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New Cretaceous fossils shed light on the early evolution of ants

Ants comprise one lineage of the triumvirate of eusocial insects and experienced their early diversification within the Cretaceous. The success of ants is generally attributed to their remarkable social behavior. Recent studies suggest that the early branching lineages of extant ants formed small colonies of either subterranean or epigeic, solitary specialist predators.

New Cretaceous fossils shed light on the early evolution of ants
This is a general dorsal view of holotype of new late Cretaceous worker ants Ceratomyrmex ellenbergeri 
[Credit: WANG Bo]
The vast majority of Cretaceous ants belong to stem-group Formicidae and comprise workers and reproductives of largely generalized morphologies, and it is difficult to draw clear conclusions about their ecology, although recent discoveries from the Cretaceous suggest relatively advanced social levels.

Remarkable exceptions to this pattern of generalized morphologies are ants with bizarre mouthparts in which both female castes have modified heads and bladelike mandibles that uniquely move in a horizontal rather than vertical plane. Haidomyrmecines have puzzled evolutionary biologists as to their specific ecology, with the mandibles apparently acting as traps triggered by sensory hairs in a way distinct from that of modern trap-jaw ants.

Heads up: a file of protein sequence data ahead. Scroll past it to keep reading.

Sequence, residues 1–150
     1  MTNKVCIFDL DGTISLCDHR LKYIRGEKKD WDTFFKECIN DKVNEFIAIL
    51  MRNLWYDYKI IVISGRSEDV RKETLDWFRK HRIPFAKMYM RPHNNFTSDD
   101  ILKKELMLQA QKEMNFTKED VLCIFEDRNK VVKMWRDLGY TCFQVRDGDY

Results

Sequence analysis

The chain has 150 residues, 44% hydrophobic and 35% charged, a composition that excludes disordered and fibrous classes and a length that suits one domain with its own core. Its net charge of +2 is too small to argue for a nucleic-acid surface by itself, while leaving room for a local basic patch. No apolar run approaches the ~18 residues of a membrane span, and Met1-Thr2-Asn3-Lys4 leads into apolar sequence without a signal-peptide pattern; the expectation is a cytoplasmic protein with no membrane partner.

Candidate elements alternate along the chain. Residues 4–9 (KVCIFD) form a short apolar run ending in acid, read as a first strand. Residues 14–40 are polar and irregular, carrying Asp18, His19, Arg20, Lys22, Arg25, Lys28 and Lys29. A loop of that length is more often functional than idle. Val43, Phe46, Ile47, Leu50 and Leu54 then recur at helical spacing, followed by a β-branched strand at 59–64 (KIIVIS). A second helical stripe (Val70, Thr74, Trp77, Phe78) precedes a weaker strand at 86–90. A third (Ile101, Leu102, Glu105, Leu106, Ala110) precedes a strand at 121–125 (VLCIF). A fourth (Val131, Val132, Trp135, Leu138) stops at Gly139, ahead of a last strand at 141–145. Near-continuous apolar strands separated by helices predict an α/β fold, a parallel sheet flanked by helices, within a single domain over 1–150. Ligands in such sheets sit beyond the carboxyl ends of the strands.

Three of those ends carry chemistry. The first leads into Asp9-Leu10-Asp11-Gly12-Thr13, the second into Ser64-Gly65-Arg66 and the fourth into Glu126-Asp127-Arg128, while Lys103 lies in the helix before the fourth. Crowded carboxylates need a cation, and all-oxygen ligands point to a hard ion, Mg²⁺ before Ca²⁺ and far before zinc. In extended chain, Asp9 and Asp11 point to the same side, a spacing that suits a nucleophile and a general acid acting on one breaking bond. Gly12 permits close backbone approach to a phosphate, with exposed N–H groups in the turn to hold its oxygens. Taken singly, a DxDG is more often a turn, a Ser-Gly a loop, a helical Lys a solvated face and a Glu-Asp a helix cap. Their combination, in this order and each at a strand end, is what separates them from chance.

Not all ants cooperate in social hunting, however, and some of the most effective predatory ants are solitary hunters with powerful trap jaws. Models of early ant evolution predict that the first ants were solitary specialist predators, but discoveries of Cretaceous fossils suggest group recruitment and socially advanced behavior among stem-group ants.

New Cretaceous fossils shed light on the early evolution of ants
This is a life-like reconstruction of Ceratomyrmex ellenbergeri 
[Credit: YANG Dinghua]
Dr. WANG Bo of the Nanjing Institute of Geology and Palaeontology, Chinese Academy of Sciences and his colleagues describe a new bizarre ant, Ceratomyrmex ellenbergeri, from 99 million-year-old Burmese amber that displays a prominent cephalic horn and oversized, scythelike mandibles that extend high above the head. These structures presumably functioned as a highly specialized trap for large-bodied prey. The horn results from an extreme modification of the clypeus hitherto unseen among living and extinct ants, which demonstrates the presence of an exaggerated trap-jaw morphogenesis early among stem-group ants.

Together with other Cretaceous haidomyrmecine ants, the new fossil suggests that at least some of the earliest Formicidae were solitary specialist predators. In addition, it demonstrates that soon after the advent of ant societies in the Early Cretaceous, at least one lineage, the Haidomyrmecini, became adept at prey capture, independently arriving at morphological specializations that would be lost for millions of years after their disappearance near the close of the Mesozoic. The exaggerated condition in the new fossil reveals a proficiency for carriage of large-bodied prey to the exclusion of smaller, presumably easier-to-subdue prey, and highlights a more complex and diversified suite of ecological traits for the earliest ants.

The study has been published online in Current Biology.

Source: Chinese Academy of Sciences Headquarters [May 30, 2016]

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